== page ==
The guy's energy was infectious. His 1986 Dodge Camper Van* was the ultimate ski bum home and we piled in on the way back to the bus after skiing Beartooth Basin. He mentioned being on a fast - water only - and I think he said he was on day eight. It seemed possible. He possessed super human strength and abilities, he had laser vision and fired up everyone skiing the headwall that day. He operated on a high frequency: this was a skier in the purest form - focused on the skiing at hand, stoked to meet everyone who shared his passion, and raising the stoke of everyone he met.
My knowledge about terrain choices was slowly coming into focus. But, I started to recognize other gaps in my knowledge. Even though I wore a beacon every day I wasn’t very proficient at using it. I understood what made a good start zone for an avalanche, but not why some days or times of day that avalanche would be more likely to occur. The terrain in the Tetons was inspiring and this was another moment where I realized I had to continue my avalanche education to keep skiing the things I wanted to ski.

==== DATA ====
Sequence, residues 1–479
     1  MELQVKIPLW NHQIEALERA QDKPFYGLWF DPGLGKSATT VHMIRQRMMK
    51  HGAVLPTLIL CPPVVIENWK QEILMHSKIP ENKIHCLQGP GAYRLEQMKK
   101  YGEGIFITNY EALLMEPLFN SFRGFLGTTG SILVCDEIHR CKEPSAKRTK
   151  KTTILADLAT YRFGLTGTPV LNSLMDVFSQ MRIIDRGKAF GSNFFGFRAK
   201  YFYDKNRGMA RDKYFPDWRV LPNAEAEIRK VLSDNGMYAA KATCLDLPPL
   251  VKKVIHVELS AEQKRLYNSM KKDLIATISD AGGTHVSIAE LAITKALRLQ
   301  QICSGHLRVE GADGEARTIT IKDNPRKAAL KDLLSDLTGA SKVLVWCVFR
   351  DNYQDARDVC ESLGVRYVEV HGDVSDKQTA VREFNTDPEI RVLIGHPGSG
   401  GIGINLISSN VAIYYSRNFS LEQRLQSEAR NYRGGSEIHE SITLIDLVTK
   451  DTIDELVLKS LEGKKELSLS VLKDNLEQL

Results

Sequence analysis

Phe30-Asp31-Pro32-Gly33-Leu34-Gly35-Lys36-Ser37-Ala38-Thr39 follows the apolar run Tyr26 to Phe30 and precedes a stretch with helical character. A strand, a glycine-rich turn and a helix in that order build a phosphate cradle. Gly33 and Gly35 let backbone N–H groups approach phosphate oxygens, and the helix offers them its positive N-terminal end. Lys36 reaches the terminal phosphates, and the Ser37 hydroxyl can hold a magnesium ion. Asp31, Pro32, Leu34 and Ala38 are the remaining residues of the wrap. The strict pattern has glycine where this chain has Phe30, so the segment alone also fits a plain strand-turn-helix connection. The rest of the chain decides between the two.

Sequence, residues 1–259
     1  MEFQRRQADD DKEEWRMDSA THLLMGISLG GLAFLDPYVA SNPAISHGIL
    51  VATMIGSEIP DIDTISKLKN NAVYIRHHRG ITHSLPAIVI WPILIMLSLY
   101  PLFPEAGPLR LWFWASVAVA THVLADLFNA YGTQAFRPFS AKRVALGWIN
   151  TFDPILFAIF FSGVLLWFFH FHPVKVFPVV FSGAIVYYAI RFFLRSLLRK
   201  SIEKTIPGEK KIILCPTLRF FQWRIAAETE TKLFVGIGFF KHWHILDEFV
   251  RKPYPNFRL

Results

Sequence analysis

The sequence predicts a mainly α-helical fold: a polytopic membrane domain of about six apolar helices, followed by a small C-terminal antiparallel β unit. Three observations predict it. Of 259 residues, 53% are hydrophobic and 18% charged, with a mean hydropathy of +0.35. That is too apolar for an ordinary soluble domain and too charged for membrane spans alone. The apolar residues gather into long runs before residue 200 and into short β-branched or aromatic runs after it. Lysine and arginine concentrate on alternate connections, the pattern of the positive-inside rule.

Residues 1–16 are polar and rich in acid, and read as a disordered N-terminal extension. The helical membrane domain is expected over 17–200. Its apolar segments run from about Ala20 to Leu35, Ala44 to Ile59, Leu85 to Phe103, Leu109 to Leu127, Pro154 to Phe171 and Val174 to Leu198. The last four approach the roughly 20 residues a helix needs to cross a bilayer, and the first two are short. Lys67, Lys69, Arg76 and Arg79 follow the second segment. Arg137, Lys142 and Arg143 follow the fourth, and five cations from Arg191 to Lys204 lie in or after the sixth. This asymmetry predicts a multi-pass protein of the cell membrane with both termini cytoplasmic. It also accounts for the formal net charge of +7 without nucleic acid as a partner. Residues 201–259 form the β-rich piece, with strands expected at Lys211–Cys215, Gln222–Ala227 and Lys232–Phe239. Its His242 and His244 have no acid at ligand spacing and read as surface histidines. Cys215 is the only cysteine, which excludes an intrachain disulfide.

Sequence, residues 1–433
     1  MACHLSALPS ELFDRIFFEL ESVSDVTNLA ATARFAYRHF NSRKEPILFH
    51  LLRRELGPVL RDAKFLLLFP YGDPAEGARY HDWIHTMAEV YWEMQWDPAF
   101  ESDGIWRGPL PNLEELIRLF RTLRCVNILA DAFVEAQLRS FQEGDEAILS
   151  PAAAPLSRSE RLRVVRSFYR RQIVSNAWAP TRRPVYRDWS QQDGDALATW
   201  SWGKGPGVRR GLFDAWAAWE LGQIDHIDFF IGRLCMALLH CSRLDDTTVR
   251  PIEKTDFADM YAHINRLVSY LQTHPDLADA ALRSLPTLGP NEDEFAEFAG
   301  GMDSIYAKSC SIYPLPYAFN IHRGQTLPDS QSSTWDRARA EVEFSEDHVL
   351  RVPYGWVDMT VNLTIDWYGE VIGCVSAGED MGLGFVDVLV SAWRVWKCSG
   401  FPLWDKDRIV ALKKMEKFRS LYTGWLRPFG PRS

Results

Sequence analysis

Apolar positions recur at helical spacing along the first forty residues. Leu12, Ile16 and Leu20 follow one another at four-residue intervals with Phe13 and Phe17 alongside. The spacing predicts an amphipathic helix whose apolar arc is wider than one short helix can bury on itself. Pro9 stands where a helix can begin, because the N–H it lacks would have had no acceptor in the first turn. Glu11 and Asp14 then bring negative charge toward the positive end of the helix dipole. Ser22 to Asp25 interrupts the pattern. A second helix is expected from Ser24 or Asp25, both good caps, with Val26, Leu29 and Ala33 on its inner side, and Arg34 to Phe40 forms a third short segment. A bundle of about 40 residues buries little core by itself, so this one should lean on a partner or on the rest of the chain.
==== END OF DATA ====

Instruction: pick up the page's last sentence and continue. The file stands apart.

There’s a moment in every skier’s life that reveals their true nature: the alarm clock on a midweek powder day. Forget about backcountry gates, the conundrum between going to work and eschewing responsibility in search of the ephemeral is truly your decision point as a skier.